Surely these frequently repeated calamities, and such awful loss of lives, will plead urgently on the friends of seamen to come to the assistance of the British and Foreign Sailors' Society: it needs assistance. - Editor.


DIVINE PROVIDENCE has favoured our adventurous countrymen in their endeavours to establish a new British Colony in South Australia.

Many of our readers will recollect the notices which we gave of this enterprize, in the Pilot for last year, especially an abridgment of the “ First Report of the Company,” in the number for July. We have now the satisfaction of recording the first intelligence received of the safe arrival of the first ships, without the death of a single seaman, at that distant settlement: and we are persuaded that the record of this communication will be referred to with much pleasure in future years by the friends of sailors.

Tuesday, March 14th, one of the daily papers contained the following remarks, of which we avail ourselves on account of their appropriateness :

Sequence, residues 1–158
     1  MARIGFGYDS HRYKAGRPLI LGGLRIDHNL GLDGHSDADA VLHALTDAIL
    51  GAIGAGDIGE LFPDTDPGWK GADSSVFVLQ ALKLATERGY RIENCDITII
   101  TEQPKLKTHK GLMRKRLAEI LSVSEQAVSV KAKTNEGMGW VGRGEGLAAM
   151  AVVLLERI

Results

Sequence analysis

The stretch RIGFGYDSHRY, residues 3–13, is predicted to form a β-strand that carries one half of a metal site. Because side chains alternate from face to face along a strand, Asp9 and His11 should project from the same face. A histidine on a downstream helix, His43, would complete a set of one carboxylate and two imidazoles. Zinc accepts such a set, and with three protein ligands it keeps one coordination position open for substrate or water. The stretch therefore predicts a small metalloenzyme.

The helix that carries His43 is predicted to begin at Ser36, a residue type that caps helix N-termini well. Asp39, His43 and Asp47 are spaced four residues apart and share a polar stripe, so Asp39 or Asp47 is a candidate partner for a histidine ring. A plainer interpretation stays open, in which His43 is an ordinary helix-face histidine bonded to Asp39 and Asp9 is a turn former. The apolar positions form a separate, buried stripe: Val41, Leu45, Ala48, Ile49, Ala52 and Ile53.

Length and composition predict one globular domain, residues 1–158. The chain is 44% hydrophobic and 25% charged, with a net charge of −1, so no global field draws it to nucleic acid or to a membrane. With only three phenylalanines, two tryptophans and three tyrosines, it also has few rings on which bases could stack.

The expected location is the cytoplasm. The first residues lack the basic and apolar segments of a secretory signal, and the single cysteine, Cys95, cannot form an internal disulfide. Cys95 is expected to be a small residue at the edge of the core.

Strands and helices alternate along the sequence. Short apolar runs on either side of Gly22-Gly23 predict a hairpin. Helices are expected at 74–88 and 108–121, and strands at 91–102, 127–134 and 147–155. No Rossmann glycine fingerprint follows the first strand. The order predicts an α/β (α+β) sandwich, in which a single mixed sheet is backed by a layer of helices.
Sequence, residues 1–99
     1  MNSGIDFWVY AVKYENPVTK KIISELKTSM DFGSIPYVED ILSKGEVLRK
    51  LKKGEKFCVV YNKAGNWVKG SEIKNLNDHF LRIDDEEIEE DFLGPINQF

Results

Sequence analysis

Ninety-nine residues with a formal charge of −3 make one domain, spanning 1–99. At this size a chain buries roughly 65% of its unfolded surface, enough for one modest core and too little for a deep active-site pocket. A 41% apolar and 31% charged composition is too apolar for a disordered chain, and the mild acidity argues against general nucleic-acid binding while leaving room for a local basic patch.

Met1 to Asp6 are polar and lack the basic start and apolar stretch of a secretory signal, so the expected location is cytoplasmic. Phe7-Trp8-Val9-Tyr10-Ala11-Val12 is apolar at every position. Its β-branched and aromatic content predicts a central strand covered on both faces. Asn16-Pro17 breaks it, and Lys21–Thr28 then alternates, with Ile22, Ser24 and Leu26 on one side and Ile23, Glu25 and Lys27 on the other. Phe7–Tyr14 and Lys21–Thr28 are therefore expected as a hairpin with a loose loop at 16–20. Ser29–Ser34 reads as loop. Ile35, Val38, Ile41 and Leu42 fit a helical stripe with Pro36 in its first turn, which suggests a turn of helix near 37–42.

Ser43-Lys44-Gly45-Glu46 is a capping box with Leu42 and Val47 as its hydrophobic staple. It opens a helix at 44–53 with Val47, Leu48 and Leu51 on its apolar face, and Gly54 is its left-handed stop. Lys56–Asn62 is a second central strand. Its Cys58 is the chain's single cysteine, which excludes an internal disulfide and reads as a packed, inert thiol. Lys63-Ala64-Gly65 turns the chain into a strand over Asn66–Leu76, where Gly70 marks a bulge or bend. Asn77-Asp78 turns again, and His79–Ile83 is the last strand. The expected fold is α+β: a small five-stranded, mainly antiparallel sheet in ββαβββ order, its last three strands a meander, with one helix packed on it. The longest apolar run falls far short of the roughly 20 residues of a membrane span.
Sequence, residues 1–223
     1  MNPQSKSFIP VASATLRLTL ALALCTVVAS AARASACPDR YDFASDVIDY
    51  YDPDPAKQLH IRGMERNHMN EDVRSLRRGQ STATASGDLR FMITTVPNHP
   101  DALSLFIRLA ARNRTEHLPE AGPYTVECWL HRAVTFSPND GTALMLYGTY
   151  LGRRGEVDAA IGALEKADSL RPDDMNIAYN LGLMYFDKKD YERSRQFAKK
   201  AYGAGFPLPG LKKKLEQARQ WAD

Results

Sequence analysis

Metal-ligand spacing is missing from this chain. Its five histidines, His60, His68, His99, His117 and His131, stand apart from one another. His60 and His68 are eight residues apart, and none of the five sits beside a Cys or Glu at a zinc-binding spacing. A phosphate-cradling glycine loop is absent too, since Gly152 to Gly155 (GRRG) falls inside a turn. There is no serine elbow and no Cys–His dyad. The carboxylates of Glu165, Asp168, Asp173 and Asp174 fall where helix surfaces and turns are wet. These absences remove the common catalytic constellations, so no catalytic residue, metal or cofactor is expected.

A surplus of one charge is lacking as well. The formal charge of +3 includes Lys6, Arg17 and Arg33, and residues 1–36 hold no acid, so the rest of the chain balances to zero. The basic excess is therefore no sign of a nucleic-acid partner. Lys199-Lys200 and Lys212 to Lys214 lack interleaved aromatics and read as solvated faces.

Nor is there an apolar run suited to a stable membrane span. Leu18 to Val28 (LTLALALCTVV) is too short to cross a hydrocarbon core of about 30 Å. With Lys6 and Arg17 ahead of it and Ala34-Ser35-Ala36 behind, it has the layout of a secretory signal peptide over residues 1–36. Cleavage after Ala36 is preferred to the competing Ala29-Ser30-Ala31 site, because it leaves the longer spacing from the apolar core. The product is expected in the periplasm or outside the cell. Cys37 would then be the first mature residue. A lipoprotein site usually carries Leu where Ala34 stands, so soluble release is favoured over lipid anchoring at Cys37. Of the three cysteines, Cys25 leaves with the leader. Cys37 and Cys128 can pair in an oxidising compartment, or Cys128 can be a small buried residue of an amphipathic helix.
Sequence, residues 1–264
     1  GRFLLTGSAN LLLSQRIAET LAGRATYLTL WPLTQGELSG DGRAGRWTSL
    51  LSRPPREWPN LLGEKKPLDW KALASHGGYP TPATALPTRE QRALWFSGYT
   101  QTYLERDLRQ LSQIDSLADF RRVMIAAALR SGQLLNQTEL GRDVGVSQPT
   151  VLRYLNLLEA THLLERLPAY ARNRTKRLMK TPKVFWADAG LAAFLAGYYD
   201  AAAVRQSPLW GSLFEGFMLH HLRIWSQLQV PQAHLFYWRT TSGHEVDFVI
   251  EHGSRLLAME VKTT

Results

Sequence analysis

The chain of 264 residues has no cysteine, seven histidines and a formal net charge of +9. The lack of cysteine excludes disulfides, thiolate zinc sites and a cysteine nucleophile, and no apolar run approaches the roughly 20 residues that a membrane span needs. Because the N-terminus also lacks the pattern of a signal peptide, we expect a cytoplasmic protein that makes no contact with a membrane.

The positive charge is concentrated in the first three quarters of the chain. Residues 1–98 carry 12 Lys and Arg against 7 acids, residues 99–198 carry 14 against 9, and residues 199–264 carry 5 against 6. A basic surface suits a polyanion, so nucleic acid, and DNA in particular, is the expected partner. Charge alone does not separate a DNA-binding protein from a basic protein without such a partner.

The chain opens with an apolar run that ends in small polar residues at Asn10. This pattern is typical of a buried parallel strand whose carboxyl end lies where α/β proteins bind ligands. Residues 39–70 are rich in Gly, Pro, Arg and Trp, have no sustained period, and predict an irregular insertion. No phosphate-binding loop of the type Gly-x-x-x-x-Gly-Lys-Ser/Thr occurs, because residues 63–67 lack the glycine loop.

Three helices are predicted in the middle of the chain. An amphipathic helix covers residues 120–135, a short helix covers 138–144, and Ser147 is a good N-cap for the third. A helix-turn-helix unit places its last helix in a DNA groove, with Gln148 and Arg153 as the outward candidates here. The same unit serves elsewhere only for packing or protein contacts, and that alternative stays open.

“ The first news of the South Australian expedition was received yesterday from Col. William Light, sur. veyor general to the New Colony. His despatches are dated September 16th, 1836.

“ The first spot at which he touched on the main land, struck him as perfectly suited to the wants of a new settlement; and his most favourable accounts, amply borne out by the testimony of his coadjutors, must at once dispel all doubts as to the fertility of that part of Australia. The Colonel however immediately commenced his survey, and will not finally determine the site of the town, until he knows more about the nature of the rest of the country.

* By the same

conveyance the South Australian Company have received letters from Captain Martin, a native resident of Van Dieman's Land, now in the employ of the Company as the master of a whaler. We give an extract from a letter of Captain Martin's in another column, which is of value on account of his great experience both on sea and land. When Captain Martin left Nepean Bay for Hobart Town, the following vessels had arrived; the Rapid and Cygnet surveying vessels ; and the Duke of York, John Pirie, and Lady Mary Pelham, Company vessels : the first performed her passage in a hundred and four days. The

place from which Col. Light dates his despatches is a little bay about eight miles up the Gulf of St. Vincent, on the eastern shore ; marked with an anchor in the charts.

Col. Light has sent a few charts and drawings, but his communications are more scanty than they would have been, but for his having no more than six hours' notice of the opportunity for sending.